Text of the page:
Kim Jong Il always liked to call North Koreans “my beloved people.” But I realized that he had never once loved his people, and viewed them only as slaves. The only thing the Kim family has ever given to destitute North Koreans is a frightening famine and a fractured economy.

The Kim family has always liked to remind people that our poverty and suffering were due to South Korea and the U.S., but I started not to believe those words. I wanted to know more about the U.S. and South Korea. I remember wondering how they could have developed so quickly if they were so bad.

School life in North Korea was not very pleasant. All of the financial demands for running the school or acquiring new educational facilities came from the purses of students and parents.  

The schools would collect construction materials from students needed to repair school buildings and fences, such as cement, sand and bricks. The computers and CCTVs that Kim Jong Un later ordered to be installed in every classroom were bought with sums collected from students. 

I grew tired of hearing about the greatness of the Kim family, recited daily by the teachers before our classes. But whether I liked it or not, as a student, I had to parrot countless phrases glorifying the Kim leaders and their dictatorship.

Later, after Kim Jong Un took power, the glorification of the Kim family’s dictatorship became even more absurd. We were dumbfounded by stories of Kim Jong Un driving cars from the age of 5 and his unmatched shooting skills at the age of 3.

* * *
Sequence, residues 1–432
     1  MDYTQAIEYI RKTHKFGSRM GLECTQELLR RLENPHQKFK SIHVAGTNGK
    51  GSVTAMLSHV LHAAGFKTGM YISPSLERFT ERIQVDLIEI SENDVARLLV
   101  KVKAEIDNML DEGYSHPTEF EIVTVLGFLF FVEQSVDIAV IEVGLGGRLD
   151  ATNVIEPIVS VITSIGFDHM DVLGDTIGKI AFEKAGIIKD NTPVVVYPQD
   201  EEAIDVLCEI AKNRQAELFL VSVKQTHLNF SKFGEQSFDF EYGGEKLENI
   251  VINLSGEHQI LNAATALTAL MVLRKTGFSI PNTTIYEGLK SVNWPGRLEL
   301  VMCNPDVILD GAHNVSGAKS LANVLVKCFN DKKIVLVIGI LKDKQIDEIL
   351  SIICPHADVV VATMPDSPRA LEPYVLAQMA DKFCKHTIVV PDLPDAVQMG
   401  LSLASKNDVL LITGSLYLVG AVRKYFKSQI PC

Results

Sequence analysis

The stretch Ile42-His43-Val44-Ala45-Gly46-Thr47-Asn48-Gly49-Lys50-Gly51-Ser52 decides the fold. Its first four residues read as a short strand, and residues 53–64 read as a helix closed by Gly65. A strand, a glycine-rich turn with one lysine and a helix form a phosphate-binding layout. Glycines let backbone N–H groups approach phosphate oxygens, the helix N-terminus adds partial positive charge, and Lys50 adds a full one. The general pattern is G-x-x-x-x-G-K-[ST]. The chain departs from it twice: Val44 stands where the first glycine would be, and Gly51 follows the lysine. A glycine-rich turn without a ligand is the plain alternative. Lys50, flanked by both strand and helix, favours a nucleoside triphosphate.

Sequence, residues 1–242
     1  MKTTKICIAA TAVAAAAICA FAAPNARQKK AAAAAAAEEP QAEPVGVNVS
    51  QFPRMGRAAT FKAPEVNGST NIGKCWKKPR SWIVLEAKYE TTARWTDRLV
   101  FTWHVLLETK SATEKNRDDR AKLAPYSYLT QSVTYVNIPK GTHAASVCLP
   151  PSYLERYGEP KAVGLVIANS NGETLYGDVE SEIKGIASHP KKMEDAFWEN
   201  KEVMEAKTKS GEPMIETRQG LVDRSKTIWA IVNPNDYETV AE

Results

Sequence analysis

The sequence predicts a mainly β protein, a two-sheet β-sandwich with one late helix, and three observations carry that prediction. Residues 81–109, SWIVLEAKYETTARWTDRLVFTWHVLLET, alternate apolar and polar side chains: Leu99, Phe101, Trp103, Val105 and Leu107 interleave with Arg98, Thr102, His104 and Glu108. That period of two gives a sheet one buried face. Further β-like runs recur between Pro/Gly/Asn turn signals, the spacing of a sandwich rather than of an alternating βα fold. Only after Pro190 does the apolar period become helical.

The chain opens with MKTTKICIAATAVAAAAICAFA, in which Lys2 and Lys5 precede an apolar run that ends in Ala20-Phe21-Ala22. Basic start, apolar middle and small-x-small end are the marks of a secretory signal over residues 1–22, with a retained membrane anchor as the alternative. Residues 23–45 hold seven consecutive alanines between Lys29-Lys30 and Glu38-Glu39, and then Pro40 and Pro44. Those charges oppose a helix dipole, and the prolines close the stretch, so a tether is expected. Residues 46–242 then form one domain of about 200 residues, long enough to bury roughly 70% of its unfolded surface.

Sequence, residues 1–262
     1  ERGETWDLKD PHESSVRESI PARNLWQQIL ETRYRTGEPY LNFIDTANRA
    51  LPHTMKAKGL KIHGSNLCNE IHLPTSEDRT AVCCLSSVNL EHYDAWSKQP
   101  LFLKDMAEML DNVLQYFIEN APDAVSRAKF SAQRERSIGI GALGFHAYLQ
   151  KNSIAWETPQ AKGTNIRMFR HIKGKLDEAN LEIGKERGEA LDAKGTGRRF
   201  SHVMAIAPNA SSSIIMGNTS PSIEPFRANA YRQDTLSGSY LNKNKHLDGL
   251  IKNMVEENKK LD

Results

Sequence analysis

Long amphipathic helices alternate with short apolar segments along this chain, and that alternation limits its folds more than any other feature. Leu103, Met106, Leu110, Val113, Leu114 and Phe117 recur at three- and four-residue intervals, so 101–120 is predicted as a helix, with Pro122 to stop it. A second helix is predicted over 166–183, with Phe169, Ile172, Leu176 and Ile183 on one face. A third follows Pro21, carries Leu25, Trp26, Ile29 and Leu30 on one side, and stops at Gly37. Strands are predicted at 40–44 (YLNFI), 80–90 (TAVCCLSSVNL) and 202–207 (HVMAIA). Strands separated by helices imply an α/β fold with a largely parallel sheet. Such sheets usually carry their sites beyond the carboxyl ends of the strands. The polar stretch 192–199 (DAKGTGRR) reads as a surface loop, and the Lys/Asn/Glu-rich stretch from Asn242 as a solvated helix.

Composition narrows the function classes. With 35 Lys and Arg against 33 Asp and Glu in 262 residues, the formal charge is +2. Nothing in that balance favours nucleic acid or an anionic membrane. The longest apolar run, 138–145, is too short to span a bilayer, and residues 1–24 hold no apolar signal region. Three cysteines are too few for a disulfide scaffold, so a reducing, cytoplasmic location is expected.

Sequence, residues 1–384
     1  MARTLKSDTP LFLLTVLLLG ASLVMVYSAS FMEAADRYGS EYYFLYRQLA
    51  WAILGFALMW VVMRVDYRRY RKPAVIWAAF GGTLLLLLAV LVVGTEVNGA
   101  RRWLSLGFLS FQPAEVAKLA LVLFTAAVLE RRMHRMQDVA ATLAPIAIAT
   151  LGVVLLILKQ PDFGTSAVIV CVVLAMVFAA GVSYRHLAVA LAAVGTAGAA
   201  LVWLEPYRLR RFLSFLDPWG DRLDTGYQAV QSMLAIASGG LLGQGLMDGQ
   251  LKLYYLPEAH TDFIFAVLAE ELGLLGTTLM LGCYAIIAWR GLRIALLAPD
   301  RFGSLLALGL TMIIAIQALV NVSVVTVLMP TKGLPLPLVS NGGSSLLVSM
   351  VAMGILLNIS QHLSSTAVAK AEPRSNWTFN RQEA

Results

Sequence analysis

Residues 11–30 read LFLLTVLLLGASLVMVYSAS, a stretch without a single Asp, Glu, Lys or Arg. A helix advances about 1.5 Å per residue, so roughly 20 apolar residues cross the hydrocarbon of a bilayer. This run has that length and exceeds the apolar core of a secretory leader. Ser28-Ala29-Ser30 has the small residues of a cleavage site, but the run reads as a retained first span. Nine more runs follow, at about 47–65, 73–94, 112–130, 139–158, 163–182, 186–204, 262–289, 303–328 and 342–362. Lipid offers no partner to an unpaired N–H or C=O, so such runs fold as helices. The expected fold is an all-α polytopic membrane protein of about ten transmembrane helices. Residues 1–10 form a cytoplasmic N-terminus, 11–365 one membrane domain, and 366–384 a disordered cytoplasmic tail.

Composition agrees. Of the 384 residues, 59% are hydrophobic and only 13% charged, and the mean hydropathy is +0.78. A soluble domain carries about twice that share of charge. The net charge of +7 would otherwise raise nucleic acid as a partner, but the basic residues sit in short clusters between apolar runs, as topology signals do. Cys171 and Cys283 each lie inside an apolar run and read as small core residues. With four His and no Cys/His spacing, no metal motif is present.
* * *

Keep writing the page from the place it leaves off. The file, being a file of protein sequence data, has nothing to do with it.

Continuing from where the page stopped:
Educated through brainwashing, I graduated from middle school and became involved in the construction industry. However, with a salary of no more than 20 cents a month, I could not make a living. Hearing I would be able to make money in Russia, I decided to go. 

Kim Jong Un sent many workers to Russia, viewing overseas construction as an important source of foreign currency. Even now, he is sending domestic construction workers abroad to earn foreign currency. They work like slaves to earn money abroad, but most funds go to serve Kim himself and the workers receive only a paltry share. 

We worked almost 18 hours every day from 7 a.m. to midnight, earning around US$3,000 a month. But the regime took the majority of our earnings, meaning it would take us five years to send that same amount back home. In Russia, we were unable to make any money for ourselves.

The North Korean authorities have a principle where overseas workers’ wages are paid in North Korean won, instead of being paid in the local currency, for fear that the workers could flee with the money they’d earned.


My decision to defect was finalized by Kim Jong Un’s COVID-19 policy. When COVID-19 swept the world, Kim Jong Un sent instructions to North Korean embassies and companies overseas to regard infected persons as “traitors” and to deal with them as such. 

Infected persons were treated as “traitors” because they were seen to have become infected due to not complying with the regulations to prevent the spread of the disease. If you had become infected, the instruction was not to treat you but to deal with you as a traitor. When the workers who were with me at the time and I received these instructions, we were stunned. 

I no longer wanted to live as a slave to Kim Jong Un. I wanted to do anything I could to oppose the Kim family’s filthy hereditary dictatorship. I wanted to contribute not only to my own family but to the justice and welfare of all North Korean people. And I concluded that the best way would be to defect from North Korea. 

After a year of careful preparation, I was able to defect. It was only when I entered South Korea and became an ROK citizen that I was able to finally escape from the mysterious North Korean slave society, overdeveloped like the reproductive organs of the roundworm.

Edited by Alannah Hill